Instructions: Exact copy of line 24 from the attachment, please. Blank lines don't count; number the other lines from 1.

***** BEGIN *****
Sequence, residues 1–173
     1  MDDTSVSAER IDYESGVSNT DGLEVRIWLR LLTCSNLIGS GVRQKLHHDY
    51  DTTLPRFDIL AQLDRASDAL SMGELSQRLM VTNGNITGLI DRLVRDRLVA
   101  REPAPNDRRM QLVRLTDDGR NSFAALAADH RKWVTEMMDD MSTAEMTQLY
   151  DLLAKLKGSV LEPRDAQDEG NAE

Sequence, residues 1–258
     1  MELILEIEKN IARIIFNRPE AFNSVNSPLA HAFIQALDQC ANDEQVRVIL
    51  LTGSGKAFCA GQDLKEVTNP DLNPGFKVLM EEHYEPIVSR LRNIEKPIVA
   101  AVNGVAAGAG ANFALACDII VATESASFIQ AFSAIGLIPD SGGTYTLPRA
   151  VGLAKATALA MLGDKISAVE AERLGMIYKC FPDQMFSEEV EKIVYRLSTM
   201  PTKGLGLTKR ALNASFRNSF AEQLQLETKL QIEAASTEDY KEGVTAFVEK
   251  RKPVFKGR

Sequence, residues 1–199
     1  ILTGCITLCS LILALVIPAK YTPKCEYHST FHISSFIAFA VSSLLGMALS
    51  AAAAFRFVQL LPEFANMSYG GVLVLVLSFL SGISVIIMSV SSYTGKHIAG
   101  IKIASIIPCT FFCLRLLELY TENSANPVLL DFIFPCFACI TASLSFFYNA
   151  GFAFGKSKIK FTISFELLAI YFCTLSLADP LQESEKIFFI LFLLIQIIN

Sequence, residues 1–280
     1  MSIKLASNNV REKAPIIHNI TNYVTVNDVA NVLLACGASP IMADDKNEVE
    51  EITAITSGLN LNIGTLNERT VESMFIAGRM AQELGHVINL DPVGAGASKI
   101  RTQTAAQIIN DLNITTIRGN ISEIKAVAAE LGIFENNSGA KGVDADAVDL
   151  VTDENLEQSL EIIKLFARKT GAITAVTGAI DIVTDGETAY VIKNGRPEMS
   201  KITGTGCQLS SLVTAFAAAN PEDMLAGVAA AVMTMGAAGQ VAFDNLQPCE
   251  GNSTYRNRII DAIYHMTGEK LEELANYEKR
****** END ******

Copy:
   251  GNSTYRNRII DAIYHMTGEK LEELANYEKR